Smart card system no more: maintenance grants transferred directly to account

Students' maintenance grants to be transferred directly into bank account saving government a yearly €175,000 in administrative costs

A revamp of the students' maintenance grant system will see the removal of the smart card system and instead funds will be deposited directly into the students' bank account.

According to Education Minister Evarist Bartolo, the measure will be saving government an annual cost of €175,000 in administrative costs.

"The Auditor General had flagged the ineffectiveness of the smart card system in the sense that the costs in administering the scheme could be outweighing the benefits derived," Bartolo said.

He added that the new system would simplify the students' life even in terms of applying for the grant - now through an e-form - and in refunds for educational material purchased online.

Bartolo added that the government has yet to collect over half a million euros in overpayments - monies that have been accumulating since 2001.

"Although the government is authorised by law to collect these monies, the law was never enforced during the year," Bartolo said.

The government's plan is to start enforcing the law in the case a student drops out of University mid-way. The government will collect back those monies owed by the student, calculated on when the student dropped out of University.

The Education Minister added that students were already spending their grant in non-related educational expenses and, in this way, student would learn how to be responsible with their money.

KSU President Gayle Lynn Callus welcomed the reform but called on government to ensure checks and balances are in place on how the students spend their grant.

"It is positive that the amount given to students remained untouched but we also encourage government to implement the necessary checks and balances. At the end of the day, these are taxpayers' money," Callus told MaltaToday.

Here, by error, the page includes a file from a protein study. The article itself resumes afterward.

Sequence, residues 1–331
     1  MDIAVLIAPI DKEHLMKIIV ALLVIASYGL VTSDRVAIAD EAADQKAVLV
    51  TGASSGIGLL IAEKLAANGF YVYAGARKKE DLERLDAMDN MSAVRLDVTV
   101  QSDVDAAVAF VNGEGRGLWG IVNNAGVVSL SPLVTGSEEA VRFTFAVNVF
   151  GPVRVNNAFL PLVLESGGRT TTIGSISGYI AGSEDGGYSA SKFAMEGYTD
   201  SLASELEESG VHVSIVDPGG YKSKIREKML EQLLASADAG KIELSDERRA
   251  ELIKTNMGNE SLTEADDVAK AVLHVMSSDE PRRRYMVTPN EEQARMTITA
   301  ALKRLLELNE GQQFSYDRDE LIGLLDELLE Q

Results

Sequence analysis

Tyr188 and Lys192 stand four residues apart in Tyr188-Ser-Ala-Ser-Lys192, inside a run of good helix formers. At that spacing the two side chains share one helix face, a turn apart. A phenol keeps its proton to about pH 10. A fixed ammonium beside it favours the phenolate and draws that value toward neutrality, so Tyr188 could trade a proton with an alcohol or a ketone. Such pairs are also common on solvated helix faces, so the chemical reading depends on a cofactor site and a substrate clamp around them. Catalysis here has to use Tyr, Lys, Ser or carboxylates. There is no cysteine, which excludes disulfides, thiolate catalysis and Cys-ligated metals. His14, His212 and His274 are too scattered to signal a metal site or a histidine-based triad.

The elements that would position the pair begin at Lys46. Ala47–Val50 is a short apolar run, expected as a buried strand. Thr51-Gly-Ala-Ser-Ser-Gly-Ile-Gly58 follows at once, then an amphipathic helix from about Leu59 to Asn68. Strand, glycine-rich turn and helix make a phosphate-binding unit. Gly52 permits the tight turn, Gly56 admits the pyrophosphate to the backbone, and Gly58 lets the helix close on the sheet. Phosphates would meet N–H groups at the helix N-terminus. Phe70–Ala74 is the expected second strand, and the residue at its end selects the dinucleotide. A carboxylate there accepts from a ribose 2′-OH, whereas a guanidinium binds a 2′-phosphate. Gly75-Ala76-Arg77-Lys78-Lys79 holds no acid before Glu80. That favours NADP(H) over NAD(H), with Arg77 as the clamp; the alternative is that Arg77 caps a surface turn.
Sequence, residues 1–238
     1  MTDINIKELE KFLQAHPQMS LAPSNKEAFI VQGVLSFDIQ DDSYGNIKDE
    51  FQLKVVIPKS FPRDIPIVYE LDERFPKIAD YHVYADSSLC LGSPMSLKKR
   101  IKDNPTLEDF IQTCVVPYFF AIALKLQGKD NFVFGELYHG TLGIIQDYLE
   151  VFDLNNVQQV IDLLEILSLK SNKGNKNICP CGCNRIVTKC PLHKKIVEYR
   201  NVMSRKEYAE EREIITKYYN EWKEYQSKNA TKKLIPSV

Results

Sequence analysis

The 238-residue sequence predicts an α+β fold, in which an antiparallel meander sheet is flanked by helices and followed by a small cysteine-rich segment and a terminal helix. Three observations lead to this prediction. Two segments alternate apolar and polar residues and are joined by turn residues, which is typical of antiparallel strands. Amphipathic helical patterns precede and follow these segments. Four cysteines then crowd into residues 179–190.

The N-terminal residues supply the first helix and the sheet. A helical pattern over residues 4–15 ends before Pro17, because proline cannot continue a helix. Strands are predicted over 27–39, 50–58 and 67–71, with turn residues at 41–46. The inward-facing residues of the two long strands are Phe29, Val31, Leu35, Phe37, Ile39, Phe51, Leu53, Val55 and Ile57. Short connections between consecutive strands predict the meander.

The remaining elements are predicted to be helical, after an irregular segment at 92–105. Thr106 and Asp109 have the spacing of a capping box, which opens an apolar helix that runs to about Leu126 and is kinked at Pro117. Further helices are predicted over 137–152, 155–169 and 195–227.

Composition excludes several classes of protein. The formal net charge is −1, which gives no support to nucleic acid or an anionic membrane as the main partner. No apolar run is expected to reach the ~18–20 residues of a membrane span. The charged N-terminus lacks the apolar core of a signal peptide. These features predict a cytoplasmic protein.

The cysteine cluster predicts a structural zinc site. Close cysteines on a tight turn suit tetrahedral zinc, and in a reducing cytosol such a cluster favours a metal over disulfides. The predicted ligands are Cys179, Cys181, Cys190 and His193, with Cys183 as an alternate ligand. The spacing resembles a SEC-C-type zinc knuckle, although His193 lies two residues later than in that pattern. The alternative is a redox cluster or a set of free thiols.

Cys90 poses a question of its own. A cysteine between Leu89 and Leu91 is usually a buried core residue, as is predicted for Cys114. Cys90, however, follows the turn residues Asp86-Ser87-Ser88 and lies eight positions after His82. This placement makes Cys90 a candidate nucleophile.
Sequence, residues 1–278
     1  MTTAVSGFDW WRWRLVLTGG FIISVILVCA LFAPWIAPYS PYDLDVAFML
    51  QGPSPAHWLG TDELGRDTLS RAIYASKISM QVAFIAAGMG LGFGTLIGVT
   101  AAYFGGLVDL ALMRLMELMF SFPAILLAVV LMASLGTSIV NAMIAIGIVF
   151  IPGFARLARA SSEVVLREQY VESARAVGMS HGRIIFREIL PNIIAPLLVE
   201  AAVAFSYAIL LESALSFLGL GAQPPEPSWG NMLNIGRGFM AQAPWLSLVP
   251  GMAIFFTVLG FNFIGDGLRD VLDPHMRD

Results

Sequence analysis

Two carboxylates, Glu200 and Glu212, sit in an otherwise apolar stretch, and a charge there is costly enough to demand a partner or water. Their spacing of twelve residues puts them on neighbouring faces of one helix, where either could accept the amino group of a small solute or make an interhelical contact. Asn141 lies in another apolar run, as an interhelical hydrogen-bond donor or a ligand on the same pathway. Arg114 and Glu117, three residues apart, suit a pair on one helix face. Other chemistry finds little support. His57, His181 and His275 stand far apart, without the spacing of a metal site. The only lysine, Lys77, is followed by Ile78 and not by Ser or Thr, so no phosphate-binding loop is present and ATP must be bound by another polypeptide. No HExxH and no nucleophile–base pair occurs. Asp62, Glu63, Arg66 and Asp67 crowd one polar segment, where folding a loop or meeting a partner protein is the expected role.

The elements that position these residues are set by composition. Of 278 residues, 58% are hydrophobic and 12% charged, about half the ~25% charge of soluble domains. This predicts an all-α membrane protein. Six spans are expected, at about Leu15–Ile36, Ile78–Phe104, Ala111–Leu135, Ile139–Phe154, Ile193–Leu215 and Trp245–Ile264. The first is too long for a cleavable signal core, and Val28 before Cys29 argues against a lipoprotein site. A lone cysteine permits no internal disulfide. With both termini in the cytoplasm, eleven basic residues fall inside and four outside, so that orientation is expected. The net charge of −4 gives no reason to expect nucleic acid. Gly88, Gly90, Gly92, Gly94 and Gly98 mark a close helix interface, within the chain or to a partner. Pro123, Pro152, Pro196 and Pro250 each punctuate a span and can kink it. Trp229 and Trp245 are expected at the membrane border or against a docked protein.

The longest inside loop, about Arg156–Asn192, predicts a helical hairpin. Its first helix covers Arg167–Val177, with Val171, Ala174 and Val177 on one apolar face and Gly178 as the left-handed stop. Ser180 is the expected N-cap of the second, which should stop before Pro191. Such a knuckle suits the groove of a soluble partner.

Callus acknowledged that students abused the system: "We know there were abuses and government should not allow space for further abuses."
As an idea, Callus said students could present receipts showing that the money was indeed spent on educational purposes adding that such a system was adopted with refunds.

"We also encourage students to be responsible in how they use their grant," he added.

The student smart card was originally meant to help with costs for educational material but over the years students have been able to purchase anything – including sportswear, footwear and eyewear.

The running of the system has to date cost the country over €2 million – a sum that covers only the handling fee the government pays APCO Ltd, the company which organises the smart card system. It excludes salaries and costs related to human resources deployed by the government at the University of Malta and other departments to run the system.

The contractor receives almost 2% of the purchase value of items bought with the smart card. Between 2009 and 2012, the government allocated over €87.5 million in stipends.

Maintenance grants make up approximately 40% of this allocation, which means that some €35 million were put in smart cards for students’ consumption. 

With a 1.9% company charge to suppliers, the contractor is estimated to have raked in €665,000 in three years just from the purchases students made.

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